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Judgment (Ew.)

We've all felt judged. And we all have judged. I'm not talking about cultural or racial judgment or stereotypes, for the most part. I'm talking about personal judgment; anything from which church we are a part of, to our parenting choices, how we spend our days, what we're reading... down to fashion choices, or even how we choose to creatively express ourselves.

Maybe I'm just an overly-sensitive person these days, but I think since we moved here to Vienna I've felt very much like I'm being judged most of the time. By friends, by family, by a lot of people here and by some people in the States; it's just this feeling of being under a microscope. There was a time when I didn't care what anyone thought, but now I do, more often than not. I try to not care, but sometimes can't help it.

We were warned too, before we moved here, that being judged -- or that feeling of being under a microscope -- was especially normal for missionaries, so I knew it was coming. I guess I just expected myself to be able to handle it in more of a carefree way.

Sometimes I think actually having to deal with real judgment helps me to grow out of being overly-sensitive, though. Maybe. What doesn't kill me makes me stronger? Sticks and stones may break my bones but words will never hurt me? Hmm. But maybe instead of that, dealing with real judgment causes me to be bitter for a short time until God slaps me in the face with little reminders, and then comes the personal growth.

Recently I heard from a trusted source about something that had been said about me. My first reaction was bitterness. Annoyance, pride, and self-righteous anger followed suit. It was all within a second or two, and it was all internal. I was almost furious. Then it all crumbled one or two seconds later, and all that I felt was hurt. That someone would feel 1) it's okay to openly judge someone's means of self-expression and 2) it's okay to do so in front of other people ("behind someone's back"), was really painful.

When I got home, the pride and anger returned, and they mixed with the hurt, and I started feeling resentful and vengeful. As if I could now judge my offender or say something snarky and passive-aggressive in response, and I'd be totally justified. This internal battle went on for awhile, until just before I was about to post my smarty-pants commentary online. The feelings and reactions I was experiencing were subconscious. I didn't realize what was going on in my mind and heart until it was almost too late.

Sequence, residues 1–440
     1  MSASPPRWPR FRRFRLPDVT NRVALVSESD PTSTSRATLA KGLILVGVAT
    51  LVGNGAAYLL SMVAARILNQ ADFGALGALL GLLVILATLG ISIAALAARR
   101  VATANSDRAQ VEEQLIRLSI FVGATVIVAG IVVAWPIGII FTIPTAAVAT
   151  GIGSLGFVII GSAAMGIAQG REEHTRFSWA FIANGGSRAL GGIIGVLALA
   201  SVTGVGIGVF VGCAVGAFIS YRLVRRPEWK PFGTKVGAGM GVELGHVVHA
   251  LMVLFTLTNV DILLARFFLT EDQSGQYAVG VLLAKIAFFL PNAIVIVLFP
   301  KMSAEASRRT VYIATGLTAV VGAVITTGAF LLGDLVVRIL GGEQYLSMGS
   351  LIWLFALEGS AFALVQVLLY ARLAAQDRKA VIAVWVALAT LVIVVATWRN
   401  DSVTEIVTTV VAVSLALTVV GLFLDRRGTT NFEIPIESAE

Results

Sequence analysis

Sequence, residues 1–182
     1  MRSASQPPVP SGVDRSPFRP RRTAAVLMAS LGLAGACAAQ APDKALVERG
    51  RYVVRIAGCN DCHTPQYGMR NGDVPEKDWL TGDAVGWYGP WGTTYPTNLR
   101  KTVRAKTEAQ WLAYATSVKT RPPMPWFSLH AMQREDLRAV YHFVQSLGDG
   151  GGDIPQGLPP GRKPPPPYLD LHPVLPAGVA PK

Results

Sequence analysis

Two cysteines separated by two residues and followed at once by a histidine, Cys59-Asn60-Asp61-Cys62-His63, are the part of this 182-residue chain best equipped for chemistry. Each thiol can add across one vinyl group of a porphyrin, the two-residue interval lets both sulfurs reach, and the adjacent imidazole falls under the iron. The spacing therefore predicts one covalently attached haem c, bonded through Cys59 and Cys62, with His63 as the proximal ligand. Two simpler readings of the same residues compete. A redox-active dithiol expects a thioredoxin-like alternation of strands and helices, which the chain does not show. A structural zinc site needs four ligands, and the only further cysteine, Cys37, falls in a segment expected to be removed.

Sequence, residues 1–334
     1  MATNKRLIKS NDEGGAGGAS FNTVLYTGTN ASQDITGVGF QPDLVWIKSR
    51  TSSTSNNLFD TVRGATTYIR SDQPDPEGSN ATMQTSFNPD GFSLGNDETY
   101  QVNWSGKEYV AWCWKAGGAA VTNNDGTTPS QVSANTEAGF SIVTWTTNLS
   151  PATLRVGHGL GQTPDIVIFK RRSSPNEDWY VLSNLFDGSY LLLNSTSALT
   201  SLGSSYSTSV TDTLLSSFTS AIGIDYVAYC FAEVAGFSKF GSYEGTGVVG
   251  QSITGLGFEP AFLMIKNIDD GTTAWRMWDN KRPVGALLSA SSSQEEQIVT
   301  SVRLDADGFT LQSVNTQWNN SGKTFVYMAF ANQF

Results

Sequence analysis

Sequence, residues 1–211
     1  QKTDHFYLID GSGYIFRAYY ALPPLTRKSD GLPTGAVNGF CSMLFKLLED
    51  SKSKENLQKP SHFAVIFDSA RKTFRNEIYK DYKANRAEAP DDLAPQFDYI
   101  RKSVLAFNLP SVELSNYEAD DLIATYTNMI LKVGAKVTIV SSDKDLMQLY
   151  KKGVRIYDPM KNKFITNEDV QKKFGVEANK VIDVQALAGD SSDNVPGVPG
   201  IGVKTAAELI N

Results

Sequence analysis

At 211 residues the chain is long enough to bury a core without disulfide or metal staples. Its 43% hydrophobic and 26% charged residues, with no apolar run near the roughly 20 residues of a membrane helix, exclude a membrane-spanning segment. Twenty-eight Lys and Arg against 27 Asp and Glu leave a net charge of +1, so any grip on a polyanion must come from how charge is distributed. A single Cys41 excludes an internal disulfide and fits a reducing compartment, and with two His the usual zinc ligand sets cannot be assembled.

Suddenly though, through some art on my wrist, the Holy Spirit reminded me of this:

Matthew 5 NASB

5. Blessed are the gentle, for they shall inherit the earth.

9. Blessed are the peacemakers, for they shall be called sons of God.

13-16. You are the salt of the earth; but if the salt has become tasteless, how can it be made salty again? It is no longer good for anything, except to be thrown out and trampled under foot by men. You are the light of the world. A city set on a hill cannot be hidden; nor does anyone light a lamp and put it under a basket, but on the lampstand, and it gives light to all who are in the house. Let your light shine before men in such a way that they may see your good works, and glorify your Father who is in heaven.

22. But I say to you that everyone who is angry with his brother shall be guilty before the court; and whoever says to his brother, 'You good-for-nothing,' shall be guilty before the supreme court; and whoever says, 'You fool,' shall be guilty enough to go into the fiery hell.

Ouch. I need to work harder to live up to this standard of peace-making. I need to work on letting things go, on not being so quick to anger, and I need to work even on my self-confidence. I need to be bold in my faith. I need to be bold in my life because of my faith. I need to be saltier, and to shine brighter.

Judging is like breathing to some people. And I am not claiming to be innocent. Sometimes it's just an unfortunate, natural human reaction to something different than the norm. Some people control their judgment much better than others. Maybe similar to how some people do breathing exercises, there are some, and I hope to soon be one, who have learned to control their reactions and emotions much better than others, and who therefore are much slower to judge.

It's (obviously) unhealthy to judge. Not only spiritually. It's also damaging to our self-worth. When we're judging, we're comparing, and when we constantly compare ourselves to others, at the root of that we can find insecurity. By judging others, we're essentially putting ourselves down at the same time we're putting other people down.

If you're thinking or talking about someone, what are you saying? Are your words negative? Are you implying something negative? Watch yourself, and correct yourself. If you have an accountability partner, or when you're with someone you trust, lovingly correct them, also.

Judging is not something that we're going to be able to just snap our fingers and fix. We need to make an effort, and be more aware of the differences between healthy and unhealthy thoughts and conversations. Let's try harder together. And of course, let's pray together. For patience -- with ourselves and others; for wisdom -- to be slow to anger and quick to forgive; and for peace in our hearts.


Boaters, Contractors, and the Promise Ignored